FIND in
<--prev V15 next-->

From: "Alice Turner" <al@interport.net>
Subject: (urth) Re: Digest urth.v015.n004
Date: Sat, 27 Jun 1998 18:48:30 


>Thanks for the responses so far, although I'd still like some information
>on the homunculus.
>As for my not 'getting' the Little Severian sequence: I originally read
>parts of tBotNS when I was far too young to understand it properly. I
>did, however, remember how Little Severian died.
>This sequence is, IMO, one of the simplest uses of shock in tBotNS, not
>following the usual methods of foreshadowing or retrospective
>Little Severian's death seems to be unusually timed, part-way between
>leaving him a bit-player and expanding him to a secondary character. So,
>when I reread this knowing when he would die, it fell flat.

Thanks for bringing this up again because I have a little theory about this
that I forgot to post last time.  We've often discussed the "other"
Severians and how many there are of them (his seeming deaths and
resurrections, Apu-Punchau etc.) Well, it seems to me that Li'l Sev is a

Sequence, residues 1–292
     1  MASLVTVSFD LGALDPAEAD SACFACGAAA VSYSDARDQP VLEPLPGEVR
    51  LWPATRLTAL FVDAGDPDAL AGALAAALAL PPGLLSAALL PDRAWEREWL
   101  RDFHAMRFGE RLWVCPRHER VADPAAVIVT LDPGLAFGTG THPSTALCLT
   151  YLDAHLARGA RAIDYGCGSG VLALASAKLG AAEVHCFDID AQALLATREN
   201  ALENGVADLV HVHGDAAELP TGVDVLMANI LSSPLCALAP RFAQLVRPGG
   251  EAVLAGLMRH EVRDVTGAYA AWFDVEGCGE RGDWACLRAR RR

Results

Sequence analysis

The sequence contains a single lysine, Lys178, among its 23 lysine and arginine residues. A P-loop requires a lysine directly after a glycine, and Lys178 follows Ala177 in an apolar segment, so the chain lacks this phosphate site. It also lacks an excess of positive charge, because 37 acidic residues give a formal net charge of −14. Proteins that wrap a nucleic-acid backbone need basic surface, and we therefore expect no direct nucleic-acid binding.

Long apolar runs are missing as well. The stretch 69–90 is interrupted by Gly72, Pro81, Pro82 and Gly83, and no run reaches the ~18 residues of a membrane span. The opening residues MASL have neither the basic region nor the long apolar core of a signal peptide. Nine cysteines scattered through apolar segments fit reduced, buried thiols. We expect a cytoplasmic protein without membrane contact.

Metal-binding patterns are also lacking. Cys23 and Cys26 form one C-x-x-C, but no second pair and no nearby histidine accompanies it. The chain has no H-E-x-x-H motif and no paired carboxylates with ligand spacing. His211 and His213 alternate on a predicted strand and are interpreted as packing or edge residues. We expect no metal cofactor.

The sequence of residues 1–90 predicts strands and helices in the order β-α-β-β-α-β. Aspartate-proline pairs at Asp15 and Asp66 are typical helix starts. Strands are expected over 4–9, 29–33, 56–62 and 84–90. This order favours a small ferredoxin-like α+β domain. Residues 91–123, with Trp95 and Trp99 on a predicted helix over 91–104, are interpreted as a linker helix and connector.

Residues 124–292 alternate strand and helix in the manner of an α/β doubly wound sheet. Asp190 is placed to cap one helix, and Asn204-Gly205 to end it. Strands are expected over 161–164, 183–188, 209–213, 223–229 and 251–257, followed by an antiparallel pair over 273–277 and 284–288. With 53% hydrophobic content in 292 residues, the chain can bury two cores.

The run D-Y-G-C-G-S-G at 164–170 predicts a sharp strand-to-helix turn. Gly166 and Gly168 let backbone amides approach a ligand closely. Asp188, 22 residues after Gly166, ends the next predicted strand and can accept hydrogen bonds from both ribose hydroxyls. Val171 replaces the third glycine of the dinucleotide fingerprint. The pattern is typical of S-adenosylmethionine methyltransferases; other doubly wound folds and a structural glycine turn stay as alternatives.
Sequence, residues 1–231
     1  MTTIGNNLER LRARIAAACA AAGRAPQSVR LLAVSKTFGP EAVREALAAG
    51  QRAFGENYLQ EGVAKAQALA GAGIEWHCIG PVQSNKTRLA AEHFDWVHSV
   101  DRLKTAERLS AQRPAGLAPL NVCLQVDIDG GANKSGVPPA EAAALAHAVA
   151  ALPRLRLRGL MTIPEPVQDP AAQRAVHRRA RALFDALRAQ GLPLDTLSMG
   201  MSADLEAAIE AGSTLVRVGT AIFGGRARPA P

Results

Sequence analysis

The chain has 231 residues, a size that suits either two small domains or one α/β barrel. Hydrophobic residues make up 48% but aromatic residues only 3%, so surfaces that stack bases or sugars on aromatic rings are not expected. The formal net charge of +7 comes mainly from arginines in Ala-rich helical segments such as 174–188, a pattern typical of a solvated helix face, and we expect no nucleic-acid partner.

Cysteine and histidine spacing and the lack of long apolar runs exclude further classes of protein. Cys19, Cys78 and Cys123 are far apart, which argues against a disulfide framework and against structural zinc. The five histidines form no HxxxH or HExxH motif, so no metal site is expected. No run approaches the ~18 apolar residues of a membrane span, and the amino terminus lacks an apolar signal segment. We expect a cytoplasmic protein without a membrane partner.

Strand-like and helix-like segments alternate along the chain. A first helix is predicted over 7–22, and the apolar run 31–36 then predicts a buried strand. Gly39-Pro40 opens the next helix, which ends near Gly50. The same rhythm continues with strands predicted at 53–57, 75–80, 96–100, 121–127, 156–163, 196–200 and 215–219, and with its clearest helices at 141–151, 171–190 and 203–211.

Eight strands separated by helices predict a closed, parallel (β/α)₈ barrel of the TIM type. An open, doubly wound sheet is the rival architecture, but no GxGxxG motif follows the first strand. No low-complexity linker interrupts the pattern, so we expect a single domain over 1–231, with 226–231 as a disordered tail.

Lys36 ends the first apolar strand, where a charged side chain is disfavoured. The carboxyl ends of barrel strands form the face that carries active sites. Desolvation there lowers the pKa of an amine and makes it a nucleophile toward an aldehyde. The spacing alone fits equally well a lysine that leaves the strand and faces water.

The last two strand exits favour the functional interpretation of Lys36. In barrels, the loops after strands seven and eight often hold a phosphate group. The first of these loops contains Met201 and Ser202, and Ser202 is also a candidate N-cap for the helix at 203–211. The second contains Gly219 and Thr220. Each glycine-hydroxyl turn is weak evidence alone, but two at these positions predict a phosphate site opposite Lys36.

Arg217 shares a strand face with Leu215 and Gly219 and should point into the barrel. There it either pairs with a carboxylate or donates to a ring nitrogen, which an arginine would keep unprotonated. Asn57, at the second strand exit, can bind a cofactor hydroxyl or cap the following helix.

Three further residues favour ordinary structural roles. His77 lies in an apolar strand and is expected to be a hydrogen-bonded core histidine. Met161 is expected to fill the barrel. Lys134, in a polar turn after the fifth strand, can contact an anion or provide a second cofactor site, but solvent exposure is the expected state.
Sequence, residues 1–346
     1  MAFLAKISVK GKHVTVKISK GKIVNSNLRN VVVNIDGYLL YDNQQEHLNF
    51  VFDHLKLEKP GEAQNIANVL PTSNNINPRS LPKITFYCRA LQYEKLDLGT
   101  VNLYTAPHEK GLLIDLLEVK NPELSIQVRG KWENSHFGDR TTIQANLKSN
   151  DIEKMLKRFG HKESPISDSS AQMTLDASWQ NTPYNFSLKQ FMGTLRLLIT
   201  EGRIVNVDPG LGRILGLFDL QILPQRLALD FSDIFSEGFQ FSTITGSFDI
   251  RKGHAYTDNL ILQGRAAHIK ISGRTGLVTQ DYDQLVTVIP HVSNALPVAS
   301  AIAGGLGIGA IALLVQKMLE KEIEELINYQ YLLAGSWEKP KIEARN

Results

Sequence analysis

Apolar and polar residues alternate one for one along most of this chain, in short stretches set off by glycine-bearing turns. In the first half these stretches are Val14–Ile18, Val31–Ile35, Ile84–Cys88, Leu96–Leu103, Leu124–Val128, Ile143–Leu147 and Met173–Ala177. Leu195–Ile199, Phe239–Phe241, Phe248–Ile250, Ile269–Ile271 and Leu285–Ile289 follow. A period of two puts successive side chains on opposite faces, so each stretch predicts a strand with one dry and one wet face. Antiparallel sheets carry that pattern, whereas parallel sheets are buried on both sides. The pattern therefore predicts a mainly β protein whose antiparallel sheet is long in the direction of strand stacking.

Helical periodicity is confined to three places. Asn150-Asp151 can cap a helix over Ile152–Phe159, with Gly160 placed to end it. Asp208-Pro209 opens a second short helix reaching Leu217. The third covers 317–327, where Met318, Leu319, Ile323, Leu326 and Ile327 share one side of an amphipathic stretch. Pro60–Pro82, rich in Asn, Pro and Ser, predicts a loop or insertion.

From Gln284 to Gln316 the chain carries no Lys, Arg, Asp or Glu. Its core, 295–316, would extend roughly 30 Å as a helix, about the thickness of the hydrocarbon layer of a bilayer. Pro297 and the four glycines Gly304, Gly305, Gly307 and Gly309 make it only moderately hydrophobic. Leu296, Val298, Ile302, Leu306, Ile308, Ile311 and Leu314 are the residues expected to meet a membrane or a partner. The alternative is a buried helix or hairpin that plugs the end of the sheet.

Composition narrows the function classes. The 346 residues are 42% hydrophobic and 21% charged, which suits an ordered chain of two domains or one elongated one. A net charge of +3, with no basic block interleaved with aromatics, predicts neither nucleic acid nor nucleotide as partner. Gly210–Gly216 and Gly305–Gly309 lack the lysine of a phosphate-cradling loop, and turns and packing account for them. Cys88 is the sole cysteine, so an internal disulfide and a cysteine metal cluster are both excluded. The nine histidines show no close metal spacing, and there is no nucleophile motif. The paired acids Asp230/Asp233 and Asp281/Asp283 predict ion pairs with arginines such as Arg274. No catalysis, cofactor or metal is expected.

kind of spare, a just-in-case. If Sev had touched that ring first, the child
would have somehow grown up to be him. Baldanders, too, has a "spare," whom
we meet only for an instant (it seems to me far more likely that the giant
baby is a "spare" than a catamite, though he could be both).

As for the homunculus, he seems to me to be a tribute. First to Goethe, who
has a memorable homunculus in a bottle (he escapes) in "Faust Part II."
Second, to Eliot, who heads "The Waste Land" with a Latin quote that,
translated, reads, "Yes, I myself saw at Cumis the sybil hanging in a cage,
and when the boys cried at her, 'Sybil, sybil, what do you want?" she
responded, "I would that I were dead."

This comes from Ovid. I looked it up once for mantis, but was too dumb to
scribble the citation into my Eliot (mantis, are you there, can you help?)
and I don't have time to do it again now, besides my Ovid seems to be
misshelved. But the story is the old one of the mortal who asks for
immortality and forgets to ask for eternal youth. Eliot being another of
those pesky converted Catholics, it probably has several meanings for
him---he's at least as tricky as Wolfe.

Note a nice link, therefore, between the Cumaean--the sybil who leads Virgil
into the underworld, as Virgil will lead Dante--and the homunculus. I have
another theory that our Cumaean may turn out to be an inhumus! But I'm sort
of kidding there. (Not entirely.)


*More Wolfe info & archive of this list at http://www.urth.net/urth/

<--prev V15 next-->